Jeramey Jannene
City Hall

Vliet Street Reconstruction Gets Federal Funding

Plus: Humboldt reconstruction nearly 50% over budget and the future of Highway 175.

By - Apr 27th, 2022 04:07 pm
Marcia P. Coggs Human Services Center, 1220 W. Vliet St. Photo taken May 19th, 2021 by Jeramey Jannene.

Vliet Street in front of the Marica P. Coggs Human Services Center. Photo by Jeramey Jannene.

The 2021 Bipartisan Infrastructure Law is allowing the City of Milwaukee to move forward on an indefinitely-delayed project, but at a substantially increased cost.

The Department of Public Works has sought to do a full reconstruction of W. Vliet St. between N. 12th St. and N. 27th St. for nearly a decade. Design work on the project began in 2014 after the state agreed to allocate federal funds to pay for a portion of the engineering and construction costs. Construction was to begin in 2017. The street is an arterial route into the northwestern corner of Downtown.

“We tried to bid it twice through the [Wisconsin Department of Transportation]’s office in Madison. They both came in like 25% over,” said DPW engineer Chad Chrisbaum. A 2017 document lists the planned cost at $4.1 million, with the city contributing $939,096.

With design work complete, the city shelved the project and instead used its high-impact paving program (HIPP) to replace the top layer of the roadway. Chrisbaum said that was done, in part, to handle expected traffic flows with people coming and going from Downtown during the Democratic National Convention. HIPP projects are expected to last 10 to 15 years.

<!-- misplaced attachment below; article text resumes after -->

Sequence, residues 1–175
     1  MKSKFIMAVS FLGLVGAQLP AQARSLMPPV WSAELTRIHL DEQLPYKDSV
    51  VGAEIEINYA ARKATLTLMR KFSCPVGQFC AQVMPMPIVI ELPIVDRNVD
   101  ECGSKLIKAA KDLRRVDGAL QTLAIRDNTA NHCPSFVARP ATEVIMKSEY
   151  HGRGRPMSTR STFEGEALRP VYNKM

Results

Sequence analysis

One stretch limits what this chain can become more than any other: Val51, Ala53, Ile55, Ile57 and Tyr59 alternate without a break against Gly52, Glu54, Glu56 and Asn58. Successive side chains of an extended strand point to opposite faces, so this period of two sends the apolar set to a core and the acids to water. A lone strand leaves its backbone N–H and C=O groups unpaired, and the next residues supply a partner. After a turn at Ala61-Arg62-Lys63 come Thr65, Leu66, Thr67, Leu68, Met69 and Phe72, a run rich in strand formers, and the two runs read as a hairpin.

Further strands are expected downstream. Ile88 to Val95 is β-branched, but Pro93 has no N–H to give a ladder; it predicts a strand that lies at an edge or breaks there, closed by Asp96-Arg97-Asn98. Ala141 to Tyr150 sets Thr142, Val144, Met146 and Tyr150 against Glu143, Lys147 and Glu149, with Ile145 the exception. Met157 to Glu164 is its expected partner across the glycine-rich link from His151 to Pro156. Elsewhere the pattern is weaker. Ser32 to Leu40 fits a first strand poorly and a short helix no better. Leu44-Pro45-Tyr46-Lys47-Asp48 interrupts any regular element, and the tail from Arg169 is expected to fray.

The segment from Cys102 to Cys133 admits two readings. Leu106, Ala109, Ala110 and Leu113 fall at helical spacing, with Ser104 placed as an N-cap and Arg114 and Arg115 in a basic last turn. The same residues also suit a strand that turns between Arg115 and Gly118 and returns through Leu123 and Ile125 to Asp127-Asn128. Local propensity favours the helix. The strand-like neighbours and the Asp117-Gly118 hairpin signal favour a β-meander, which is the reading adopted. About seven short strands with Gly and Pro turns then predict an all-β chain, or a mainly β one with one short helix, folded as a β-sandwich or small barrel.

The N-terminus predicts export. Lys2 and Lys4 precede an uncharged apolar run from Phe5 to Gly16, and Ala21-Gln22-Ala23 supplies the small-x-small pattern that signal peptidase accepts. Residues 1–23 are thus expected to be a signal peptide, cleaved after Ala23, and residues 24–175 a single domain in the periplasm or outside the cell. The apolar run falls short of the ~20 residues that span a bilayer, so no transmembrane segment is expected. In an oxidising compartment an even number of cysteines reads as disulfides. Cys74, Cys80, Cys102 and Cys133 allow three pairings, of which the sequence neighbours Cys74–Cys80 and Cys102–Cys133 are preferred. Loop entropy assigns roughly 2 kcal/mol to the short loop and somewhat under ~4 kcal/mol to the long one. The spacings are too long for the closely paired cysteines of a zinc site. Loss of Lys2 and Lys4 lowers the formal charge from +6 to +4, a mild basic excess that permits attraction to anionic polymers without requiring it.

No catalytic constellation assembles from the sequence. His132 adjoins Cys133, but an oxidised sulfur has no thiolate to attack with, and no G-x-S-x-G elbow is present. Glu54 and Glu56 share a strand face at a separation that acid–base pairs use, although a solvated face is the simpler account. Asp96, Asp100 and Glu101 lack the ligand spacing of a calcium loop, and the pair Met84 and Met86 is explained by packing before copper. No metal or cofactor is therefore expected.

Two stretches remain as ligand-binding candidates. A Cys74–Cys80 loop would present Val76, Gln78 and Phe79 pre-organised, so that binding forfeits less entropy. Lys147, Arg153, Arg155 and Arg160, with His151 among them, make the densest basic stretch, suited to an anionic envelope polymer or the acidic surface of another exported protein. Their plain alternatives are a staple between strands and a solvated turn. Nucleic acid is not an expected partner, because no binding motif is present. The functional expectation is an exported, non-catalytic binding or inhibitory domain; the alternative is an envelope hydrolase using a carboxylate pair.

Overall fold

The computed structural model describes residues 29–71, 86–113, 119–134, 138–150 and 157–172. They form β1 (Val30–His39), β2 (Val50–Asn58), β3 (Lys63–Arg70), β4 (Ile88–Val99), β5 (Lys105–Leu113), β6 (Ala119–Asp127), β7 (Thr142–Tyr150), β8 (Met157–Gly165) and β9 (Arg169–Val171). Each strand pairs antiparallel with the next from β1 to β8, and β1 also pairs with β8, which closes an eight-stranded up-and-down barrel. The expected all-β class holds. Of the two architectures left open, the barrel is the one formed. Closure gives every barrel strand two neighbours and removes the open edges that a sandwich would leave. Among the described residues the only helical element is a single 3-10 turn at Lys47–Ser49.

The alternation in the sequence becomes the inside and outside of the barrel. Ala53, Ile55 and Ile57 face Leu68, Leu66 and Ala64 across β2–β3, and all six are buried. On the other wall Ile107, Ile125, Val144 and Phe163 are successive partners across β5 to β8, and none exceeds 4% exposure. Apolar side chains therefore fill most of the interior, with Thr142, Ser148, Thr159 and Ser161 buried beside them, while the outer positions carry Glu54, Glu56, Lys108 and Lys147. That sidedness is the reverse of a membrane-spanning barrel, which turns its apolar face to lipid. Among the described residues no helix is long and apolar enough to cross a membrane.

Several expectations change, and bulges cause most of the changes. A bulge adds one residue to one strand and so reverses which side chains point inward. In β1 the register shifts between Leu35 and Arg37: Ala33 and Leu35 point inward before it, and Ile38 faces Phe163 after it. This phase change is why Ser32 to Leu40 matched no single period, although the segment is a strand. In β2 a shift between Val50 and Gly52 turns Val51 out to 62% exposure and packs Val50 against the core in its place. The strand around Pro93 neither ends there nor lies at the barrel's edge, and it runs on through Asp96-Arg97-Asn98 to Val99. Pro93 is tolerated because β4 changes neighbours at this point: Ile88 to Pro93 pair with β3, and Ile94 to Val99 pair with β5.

Then in November, Congress passed the $1.2 trillion Bipartisan Infrastructure Law. It reauthorized a number of federal transportation programs for four years and increased their funding, in addition to funding new programs. The allocation formula for federal surface transportation program funds resulted in the Milwaukee area receiving between $8 million and $10 million more pear year. But, most importantly for the Vliet Street project, it also required the first year of funding to be spent by September 2022.

“It just so happens we had the design on the shelf,” said Chrisbaum. The city needed the support of the Southeastern Regional Planning Commission (SEWRPC) to access the STP funds and it found little competition. “Regionally everyone agreed to support this project because there is low risk. They knew it could be delivered on time.” St. Francis also had a project funded.

According to a council resolution, the project is now expected to cost up to $10 million with a $3.6 million city share, an amount only $500,000 less than the original estimate for the entire project.

Now DPW must move quickly to get the contract out. “We have to deliver the final specs and estimates in a few weeks,” said the engineer.

Alderman Robert Bauman, who represents the south side of Vliet Street, asked if the design could be changed to reflect evolving strategies on traffic calming. “The design is locked in,” said Chrisbaum. But he said curb bump-outs were included that would prevent passing on the right. He also said the pedestrian accommodations would be a lot better.